Why we need advocacy journalism

When “objective” journalism decays into a cowardly neutrality between truth and lies, we need advocacy journalism to lift our profession – and the community leaders we cover – back to credibility.

That’s my response to a source quoted in an item posted by Jim Romenesko yesterday. The post linked a TVWeek.com/NewsPro survey that listed Syracuse’s S.I. Newhouse School of Public Communications as the nation’s top journalism school. (USC Annenberg was listed fifth, FWIW.) What caught me eye was one of the quotes Romenesko selected from the original story to include in his post:

“One reply stated schools should teach ‘objectivity. Too many schools are teaching advocacy journalism.'”

Let’s dive in: Advocacy is not the antonym of objectivity. Objectivity is the goal of accounting for your own biases when observing of an external reality, so that your report accurately reflects that reality. By reporting objectively, the goal is that you be able to produce an observation that others, observing the same reality, can reproduce.

There’s nothing about objectivity that prohibits you from advocating on behalf of your results. In fact, putting your work up for peer review, and being able to defend it, is part of the scientific method that influenced the journalistic concept of objectivity.

Every journalist advocates for their stories – anyone who thinks otherwise has never hung around an editor’s desk or been to a front-page budget meeting. So advocacy’s part of the job. And as journalism schools are supposed to be teaching their students how to advance their careers, they need to be teaching their students how to advocate for their work – whether that’s getting an assignment approved, a freelance gig okay’ed, or a story onto P1 or into the first slot on the website’s homepage.

When I’ve asked journalism students why they decided to get into the field, I’ve yet to hear anyone respond that they were looking for a big payday. Idealism motivates almost every journalism student – and journalist – I’ve met. We want our reporting to help make our communities better places and help our readers live better lives.

So we get into this field looking to advocate for worthy causes, and we use internal advocacy to get our stories heard. Allow me to suggest, therefore, that the problem some journalists have with “advocacy” is not the concept itself, but those who put advocacy ahead of the truth, instead of behind it, where it belongs.

Objectivity is a means to an end – that end being truthful reporting. And if truthful reporting leads to an obvious conclusion, a reporter and publication cheat their readers if they pull back and don’t follow their reporting to that conclusion, and fail to advocate for their community reading it – and acting on it.

We cheat our communities – and our profession – when we decide first what we’re going to advocate for, then cherry-pick reporting to make a case for it. And, yes, Fox News, I am writing about you. (Isn’t it time yet that Fox News becomes a resume stain that disqualifies its employees from future work in J-schools and reputable news organizations?) Our disdain for propagandists shouldn’t turn us against advocacy – it should embolden us to become even more aggressive advocates for the truth that propagandists (such as Fox News’ shills) attempt to deny.

Of course, that cause isn’t helped when self-proclaimed fact-checkers in our profession decide to rubber-stamp Fox News talking points. This week, PolitiFact selected as the “lie of the year” the Democratic claim that votes for a Republican plan to replace fee-for-service Medicare for everyone under age 55 with a completely different voucher system were votes to “kill Medicare.” (See the link above for why PolitiFact’s conclusion is pure B.S.)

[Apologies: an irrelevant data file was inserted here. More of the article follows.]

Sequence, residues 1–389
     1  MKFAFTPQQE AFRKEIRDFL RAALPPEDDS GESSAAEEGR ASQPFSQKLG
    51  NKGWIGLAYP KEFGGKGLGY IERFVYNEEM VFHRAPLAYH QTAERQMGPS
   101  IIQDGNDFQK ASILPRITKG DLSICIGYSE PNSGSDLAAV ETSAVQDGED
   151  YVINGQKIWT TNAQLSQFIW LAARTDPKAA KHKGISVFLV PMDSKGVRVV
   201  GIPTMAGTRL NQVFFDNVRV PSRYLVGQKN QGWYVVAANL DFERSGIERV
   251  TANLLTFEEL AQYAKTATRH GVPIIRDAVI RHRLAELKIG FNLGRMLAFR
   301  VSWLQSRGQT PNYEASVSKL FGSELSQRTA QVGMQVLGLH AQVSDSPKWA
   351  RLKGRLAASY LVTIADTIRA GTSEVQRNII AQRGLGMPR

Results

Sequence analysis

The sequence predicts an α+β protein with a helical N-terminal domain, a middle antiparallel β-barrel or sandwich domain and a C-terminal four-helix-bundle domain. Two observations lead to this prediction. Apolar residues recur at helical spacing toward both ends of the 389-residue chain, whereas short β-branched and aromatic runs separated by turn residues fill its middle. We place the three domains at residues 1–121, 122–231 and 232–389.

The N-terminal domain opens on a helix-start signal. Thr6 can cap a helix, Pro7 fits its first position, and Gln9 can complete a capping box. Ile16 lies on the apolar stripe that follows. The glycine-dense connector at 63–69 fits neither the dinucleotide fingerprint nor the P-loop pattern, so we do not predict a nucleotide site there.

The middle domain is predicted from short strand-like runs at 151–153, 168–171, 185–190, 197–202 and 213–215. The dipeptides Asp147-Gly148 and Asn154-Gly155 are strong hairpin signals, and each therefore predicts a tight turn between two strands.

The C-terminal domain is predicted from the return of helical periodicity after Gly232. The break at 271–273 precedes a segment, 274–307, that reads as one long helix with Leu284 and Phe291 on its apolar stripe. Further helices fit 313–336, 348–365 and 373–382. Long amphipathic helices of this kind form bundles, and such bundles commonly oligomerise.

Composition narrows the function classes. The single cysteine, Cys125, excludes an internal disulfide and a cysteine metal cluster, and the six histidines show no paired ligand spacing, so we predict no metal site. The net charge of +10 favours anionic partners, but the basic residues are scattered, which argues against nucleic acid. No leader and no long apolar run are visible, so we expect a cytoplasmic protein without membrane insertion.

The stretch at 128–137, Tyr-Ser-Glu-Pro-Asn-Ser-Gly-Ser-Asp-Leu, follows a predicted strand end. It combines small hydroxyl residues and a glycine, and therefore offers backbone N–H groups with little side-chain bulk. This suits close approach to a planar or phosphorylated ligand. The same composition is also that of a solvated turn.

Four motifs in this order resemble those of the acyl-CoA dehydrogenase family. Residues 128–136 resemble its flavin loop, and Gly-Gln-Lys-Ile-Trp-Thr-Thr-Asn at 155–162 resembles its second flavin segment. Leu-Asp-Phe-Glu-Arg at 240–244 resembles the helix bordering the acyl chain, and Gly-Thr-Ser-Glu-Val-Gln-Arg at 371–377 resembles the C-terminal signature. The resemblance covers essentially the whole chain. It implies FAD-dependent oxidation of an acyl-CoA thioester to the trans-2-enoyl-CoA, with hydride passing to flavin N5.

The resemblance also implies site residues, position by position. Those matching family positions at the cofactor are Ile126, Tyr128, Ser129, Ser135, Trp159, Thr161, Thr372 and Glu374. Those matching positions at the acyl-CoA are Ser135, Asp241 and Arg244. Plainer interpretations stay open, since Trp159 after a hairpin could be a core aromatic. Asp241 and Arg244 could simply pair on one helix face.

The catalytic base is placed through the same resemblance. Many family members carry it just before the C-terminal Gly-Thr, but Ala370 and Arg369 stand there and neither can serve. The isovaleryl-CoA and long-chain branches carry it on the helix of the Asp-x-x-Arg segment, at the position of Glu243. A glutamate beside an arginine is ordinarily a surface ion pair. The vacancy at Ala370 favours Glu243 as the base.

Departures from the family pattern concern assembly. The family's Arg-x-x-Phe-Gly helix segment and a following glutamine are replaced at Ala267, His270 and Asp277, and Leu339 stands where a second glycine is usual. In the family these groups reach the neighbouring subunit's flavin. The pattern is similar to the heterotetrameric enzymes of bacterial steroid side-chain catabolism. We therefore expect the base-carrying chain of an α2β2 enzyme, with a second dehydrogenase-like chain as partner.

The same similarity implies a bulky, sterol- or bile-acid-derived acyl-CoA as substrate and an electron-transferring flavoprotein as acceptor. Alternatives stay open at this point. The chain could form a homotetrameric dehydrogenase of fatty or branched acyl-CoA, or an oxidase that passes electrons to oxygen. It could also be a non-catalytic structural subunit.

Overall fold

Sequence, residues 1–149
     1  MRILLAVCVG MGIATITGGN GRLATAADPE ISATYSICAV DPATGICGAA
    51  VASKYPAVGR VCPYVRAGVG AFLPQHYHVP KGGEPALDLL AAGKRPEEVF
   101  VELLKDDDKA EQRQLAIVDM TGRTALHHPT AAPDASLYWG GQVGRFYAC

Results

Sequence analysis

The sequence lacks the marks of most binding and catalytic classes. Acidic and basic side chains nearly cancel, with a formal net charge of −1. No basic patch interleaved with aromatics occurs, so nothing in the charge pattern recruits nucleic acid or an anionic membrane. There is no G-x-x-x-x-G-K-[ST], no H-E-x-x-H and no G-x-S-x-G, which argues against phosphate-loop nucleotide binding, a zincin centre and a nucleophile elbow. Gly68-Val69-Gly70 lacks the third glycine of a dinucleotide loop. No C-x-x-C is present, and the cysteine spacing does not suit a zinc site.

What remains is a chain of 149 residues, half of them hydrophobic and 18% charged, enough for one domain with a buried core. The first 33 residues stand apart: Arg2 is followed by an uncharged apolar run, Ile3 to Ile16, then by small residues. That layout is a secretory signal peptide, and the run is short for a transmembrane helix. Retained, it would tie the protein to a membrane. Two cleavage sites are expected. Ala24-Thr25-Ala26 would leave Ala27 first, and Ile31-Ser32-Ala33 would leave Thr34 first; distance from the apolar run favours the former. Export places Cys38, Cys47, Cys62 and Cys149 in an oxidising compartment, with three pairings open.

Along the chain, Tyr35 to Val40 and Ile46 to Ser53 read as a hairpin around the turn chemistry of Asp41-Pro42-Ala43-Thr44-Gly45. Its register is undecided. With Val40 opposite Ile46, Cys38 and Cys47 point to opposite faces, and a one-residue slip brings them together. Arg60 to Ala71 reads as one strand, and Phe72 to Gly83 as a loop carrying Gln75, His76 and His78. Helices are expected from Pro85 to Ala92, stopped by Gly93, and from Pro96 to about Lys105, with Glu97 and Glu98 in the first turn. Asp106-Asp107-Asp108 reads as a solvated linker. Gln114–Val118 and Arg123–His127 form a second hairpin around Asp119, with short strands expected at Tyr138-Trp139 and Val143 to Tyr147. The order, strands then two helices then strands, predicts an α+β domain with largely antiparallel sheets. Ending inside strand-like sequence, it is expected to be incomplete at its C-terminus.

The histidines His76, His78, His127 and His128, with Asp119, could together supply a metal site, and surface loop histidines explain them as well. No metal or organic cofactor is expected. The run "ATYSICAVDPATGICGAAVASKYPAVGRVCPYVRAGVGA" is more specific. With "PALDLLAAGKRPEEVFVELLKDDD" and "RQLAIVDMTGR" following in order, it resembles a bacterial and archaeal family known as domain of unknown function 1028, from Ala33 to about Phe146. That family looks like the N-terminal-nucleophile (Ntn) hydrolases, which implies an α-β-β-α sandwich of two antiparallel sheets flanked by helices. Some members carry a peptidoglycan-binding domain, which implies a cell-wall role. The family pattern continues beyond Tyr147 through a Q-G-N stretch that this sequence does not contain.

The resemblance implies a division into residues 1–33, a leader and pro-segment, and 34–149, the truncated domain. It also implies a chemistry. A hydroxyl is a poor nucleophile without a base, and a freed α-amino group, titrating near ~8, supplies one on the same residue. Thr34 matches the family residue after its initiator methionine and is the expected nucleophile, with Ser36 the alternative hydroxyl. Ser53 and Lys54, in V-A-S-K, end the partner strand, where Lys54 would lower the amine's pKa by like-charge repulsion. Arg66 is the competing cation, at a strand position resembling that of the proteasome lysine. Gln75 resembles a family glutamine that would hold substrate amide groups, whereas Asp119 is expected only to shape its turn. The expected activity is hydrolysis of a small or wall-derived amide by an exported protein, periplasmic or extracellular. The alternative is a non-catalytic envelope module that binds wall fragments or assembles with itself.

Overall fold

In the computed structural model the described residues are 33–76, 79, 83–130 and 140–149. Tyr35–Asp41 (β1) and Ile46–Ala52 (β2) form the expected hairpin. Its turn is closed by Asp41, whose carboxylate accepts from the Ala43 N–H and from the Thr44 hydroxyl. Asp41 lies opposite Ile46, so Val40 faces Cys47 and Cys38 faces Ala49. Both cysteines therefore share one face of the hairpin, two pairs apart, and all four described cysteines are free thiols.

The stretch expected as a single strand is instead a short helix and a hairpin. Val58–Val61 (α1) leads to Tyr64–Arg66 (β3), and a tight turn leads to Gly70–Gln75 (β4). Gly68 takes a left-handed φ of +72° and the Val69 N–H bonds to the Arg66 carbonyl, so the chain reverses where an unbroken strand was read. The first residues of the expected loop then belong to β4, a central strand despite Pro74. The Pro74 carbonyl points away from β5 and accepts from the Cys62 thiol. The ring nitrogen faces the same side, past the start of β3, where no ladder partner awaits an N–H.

My favorite response to PolitiFact’s selection? This tweet: “If I kill a man and take over his identity, I actually did not commit a crime. Thanks PolitiFact!”

Journalism deserves better than this. Our communities deserve better than this. But they won’t get better than this if journalists decide that our primary professional goal is to always remain neutral in everything – to never take a stand. That just leaves us as ineffective bystanders while propagandists set the public agenda.

The only way that we will better serve our profession, and our communities, to become advocates for the truth. And that means calling out those voices in our community – including PolitiFact – when they get things wrong.

I’m glad that some professors are teaching advocacy journalism. We get into this field to raise some hell and make things right. Let’s never forget that – let’s embrace it.

About Robert Niles

Robert Niles is the former editor of OJR, and no longer associated with the site. You may find him now at http://www.sensibletalk.com.


  1. Great post. I ran into this same criticism — “You’re an advocate!” — when encouraging journalists to add a public health approach — or solution-oriented approach — to crime reporting. My response: if I’m an advocate for less violence, isn’t the opposite being an advocate for more violence? We’re not in the business of telling communities HOW to solve their problems. Our role as journalists is to help communities solve problems by providing them the best information possible to make good personal decisions and public policy. And, if necessary, being the conscience of the community if it’s not doing anything about eliminating child trauma or racism or inequality, for example.

  2. says:

    Great post Robert. We have enough journalists already with nothing to say. We hardly need any more. — Marc Cooper.